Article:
Jamaicans are dominating the digital space and we love to share their stories with you! We’re pushing forward with the preacher’s son, Stephen Conrad Moore. Now if you are a true church-goer, you know that the preacher’s children are heavily involved in church activities – singing in the choir, hosting bible study, or even delivering a sermon. Therefore, it comes as no surprise that Stephen’s foundation in the church, coupled with his academic qualifications – Double BA in English and Theatre and a Masters in Fine Arts, have positioned him as a Hollywood star! You’ll recall his roles in television dramas, “Margaret”, “Chicago PD” and more recently, “The Bold Type”. Stephen grew up in Kansas City but his Jamaican heritage, by way of his parents, is an undeniable part of who he is.
Now, let’s meet Stephen!
1. On a scale of 1-10 (10 being the highest), how important is your Jamaican heritage to you?
Ha! Trick question – 10.
2. You’re clearly a superstar actor as your performance in The Bold Type was exceptional. Which episode of that show is your favourite?
Thank you, thank you, thank you for your kind words. I would have to say “If You Can’t Do It with Feeling,” the fourth episode of the first season, with my character having said the titular line (which is actually a quote from Patsy Cline) to Sutton. It was where Oliver started to show a “wee bit” more of a vulnerable side and began to sprout his connection with his would-be protégé. Looking back, I also feel it’s where Oliver went from a recurring co-star to more of a series regular.
3. Still talking about TV, which year of your Hollywood career is your favourite and why?
2015. I took a brand-strategy one-on-one course with a friend/colleague and set some intentions… ACHIEVED some of those intentions and went from unemployment to meeting my current agent (Gray Talent Group, who I love) and booking “Empire”, “Chicago PD” and two leading roles in two separate world-premiered plays within 9 months. It was the year of intention. It was the year my career shifted.
4. That’s amazing! You played the role of a trailblazing fashion editor in the series, The Bold Type. In your regular life, do you dress up in lavish outfits frequently?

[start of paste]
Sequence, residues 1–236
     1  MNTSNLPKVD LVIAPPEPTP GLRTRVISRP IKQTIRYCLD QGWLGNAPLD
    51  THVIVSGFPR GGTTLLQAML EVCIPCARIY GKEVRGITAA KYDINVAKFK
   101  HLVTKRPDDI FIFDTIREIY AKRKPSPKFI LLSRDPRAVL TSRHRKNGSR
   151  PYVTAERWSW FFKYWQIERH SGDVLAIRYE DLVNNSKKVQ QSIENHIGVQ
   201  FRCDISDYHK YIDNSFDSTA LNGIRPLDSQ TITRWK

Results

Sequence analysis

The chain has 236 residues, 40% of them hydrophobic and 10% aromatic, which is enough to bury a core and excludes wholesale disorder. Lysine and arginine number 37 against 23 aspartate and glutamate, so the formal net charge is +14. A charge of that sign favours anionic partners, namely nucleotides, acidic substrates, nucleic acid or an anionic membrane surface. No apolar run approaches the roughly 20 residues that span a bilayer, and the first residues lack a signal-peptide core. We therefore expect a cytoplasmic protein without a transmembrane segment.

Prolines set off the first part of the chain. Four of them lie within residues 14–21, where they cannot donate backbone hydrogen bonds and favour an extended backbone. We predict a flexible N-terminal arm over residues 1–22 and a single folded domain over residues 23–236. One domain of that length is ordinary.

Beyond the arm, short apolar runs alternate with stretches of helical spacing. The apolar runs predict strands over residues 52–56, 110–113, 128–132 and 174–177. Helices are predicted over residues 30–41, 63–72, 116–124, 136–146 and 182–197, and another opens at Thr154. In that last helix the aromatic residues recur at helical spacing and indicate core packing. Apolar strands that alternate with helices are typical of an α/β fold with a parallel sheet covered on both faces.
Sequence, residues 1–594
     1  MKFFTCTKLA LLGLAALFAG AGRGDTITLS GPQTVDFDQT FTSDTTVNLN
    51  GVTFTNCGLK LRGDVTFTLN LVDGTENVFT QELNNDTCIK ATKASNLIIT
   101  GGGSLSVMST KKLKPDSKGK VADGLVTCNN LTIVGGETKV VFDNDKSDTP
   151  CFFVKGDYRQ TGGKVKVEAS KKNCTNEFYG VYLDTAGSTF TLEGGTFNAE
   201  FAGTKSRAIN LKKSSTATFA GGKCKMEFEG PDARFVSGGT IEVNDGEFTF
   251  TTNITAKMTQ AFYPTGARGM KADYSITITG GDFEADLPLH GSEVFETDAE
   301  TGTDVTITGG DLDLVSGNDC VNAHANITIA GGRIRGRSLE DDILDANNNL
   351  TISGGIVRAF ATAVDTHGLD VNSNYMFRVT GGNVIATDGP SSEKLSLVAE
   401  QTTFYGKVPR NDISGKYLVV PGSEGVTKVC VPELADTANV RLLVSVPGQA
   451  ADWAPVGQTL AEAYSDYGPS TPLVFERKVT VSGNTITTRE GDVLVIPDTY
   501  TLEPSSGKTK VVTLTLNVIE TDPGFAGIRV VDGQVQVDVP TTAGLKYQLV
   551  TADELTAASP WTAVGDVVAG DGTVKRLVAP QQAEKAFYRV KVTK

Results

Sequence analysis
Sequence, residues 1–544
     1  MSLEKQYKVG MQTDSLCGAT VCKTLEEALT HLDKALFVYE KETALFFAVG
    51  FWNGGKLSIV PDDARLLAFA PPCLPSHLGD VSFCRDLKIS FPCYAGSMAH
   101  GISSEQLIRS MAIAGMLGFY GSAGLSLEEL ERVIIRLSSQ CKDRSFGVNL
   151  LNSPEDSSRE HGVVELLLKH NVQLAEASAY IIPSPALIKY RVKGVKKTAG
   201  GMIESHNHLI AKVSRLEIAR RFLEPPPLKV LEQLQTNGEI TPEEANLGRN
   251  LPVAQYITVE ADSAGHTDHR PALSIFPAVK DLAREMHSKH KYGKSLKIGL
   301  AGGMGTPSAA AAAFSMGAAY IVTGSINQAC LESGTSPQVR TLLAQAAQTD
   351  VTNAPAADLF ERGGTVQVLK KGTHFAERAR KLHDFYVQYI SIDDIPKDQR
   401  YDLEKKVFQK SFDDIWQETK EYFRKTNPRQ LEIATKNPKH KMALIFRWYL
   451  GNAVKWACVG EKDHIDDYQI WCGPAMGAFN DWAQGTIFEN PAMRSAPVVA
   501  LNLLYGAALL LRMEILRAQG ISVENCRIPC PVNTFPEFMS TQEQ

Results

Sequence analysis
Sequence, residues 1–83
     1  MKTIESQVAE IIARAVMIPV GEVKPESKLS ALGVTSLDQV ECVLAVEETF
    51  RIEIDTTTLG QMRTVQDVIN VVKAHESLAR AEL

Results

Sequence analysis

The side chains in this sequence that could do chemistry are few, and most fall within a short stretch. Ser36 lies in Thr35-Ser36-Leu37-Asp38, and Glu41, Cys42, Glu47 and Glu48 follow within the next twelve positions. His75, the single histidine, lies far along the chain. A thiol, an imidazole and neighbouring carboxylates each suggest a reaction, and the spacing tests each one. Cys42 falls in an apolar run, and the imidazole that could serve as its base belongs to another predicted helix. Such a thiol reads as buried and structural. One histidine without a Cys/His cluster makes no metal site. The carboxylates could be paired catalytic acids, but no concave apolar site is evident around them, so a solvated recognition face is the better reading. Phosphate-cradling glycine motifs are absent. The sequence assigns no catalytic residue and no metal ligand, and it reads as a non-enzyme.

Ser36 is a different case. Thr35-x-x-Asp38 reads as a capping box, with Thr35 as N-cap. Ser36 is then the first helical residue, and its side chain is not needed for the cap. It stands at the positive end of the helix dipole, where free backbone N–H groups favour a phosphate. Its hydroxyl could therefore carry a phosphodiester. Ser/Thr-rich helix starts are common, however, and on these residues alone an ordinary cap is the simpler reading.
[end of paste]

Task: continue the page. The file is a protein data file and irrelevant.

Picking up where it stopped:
You know… I am all about practicality, function, and comfort. I have an everyday uniform that I wear as I gallop through the streets of New York. And it looks good because I’M wearing it. Lavish? (Ha!) No. But it is quite a mixture of high-low… accent on the low, because pulling off a style does not have to be expensive. However, when I am supposed to BE somewhere or be someBODY (for a red carpet, a meeting, or an event)… the outfit WILL be… elevated, eye-catching, and unique.
5. Let’s shift focus a bit, how influential were your Jamaican roots growing up?
So, I was born and raised in the Midwest, where it was only me and my immediate family; not many others of Jamaican descent around. So I identified/identify heavily with being a Black American and proudly having Black American culture. It really wasn’t until my adult years, when I became more acquainted with my extended family and others from the island, that I began to connect the dots of how and where my Jamaican roots have always been woven into the fabric of who I am today. There’s this six-part series that Steve McQueen did for BBC, called “Small Axe”. Ahh… I felt so seen! Especially having parents who are from a certain era.
6. We have a strong feeling you listen to Jamaican music. Tell us three of your favourite Jamaican songs?
Hmph, here’s a combination: “I Am Blessed” – both the old school and the Mr. Vegas versions, “Pull Up to the Bumper” by the icon Grace Jones and… something from The Grace Thrillers, as an homage to my parents.
7. Finish this line. Jamaica has the best…..
Curry Goat – hands down.
8. Finish this line. If I could change one thing about Jamaica, I would change…
Any semblance of queerphobia within the culture. I love the national motto: “Out of Many, We are one” or “Out of Many, One People”. In spite of our many differences, We. Are. One. It’s the literal “phobia” (the fear of, the disdain for, or the aversion to) that keeps us separate. I would love for there to be more love, acceptance, and safety for all humans who are simply living their lives, not harming anyone else.
9. Let’s switch pace for a bit. When you’re not on a television set, what are some activities you do to wind down?
Oooo… I love a good binge of a captivating and smartly written television show. The gym is therapy. And cooking is my medicine.
10. In one sentence, offer some encouragement to your Jamaican fans.
Keep your head up and go create the type of representation that you wish your younger self could have seen.
Excellent advice! Thank you so much for sharing a piece of you with us Stephen!
Did you enjoy your sneak preview into the life of Stephen Conrad Moore? Which Jamaican digital influencer should we feature next?
Although you are, spending more time, ‘outside’, you can’t deny that the great Panasonic has influenced your growing interest in online entertainment. And you’d be surprised to learn how many Jamaicans play prominent roles in the TV shows, movies, and music you stream online. As we continue this feature series, we’ll give you a sneak preview of the lives of our prominent Jamaican digital influencers in your favourite TV shows, movies, and songs.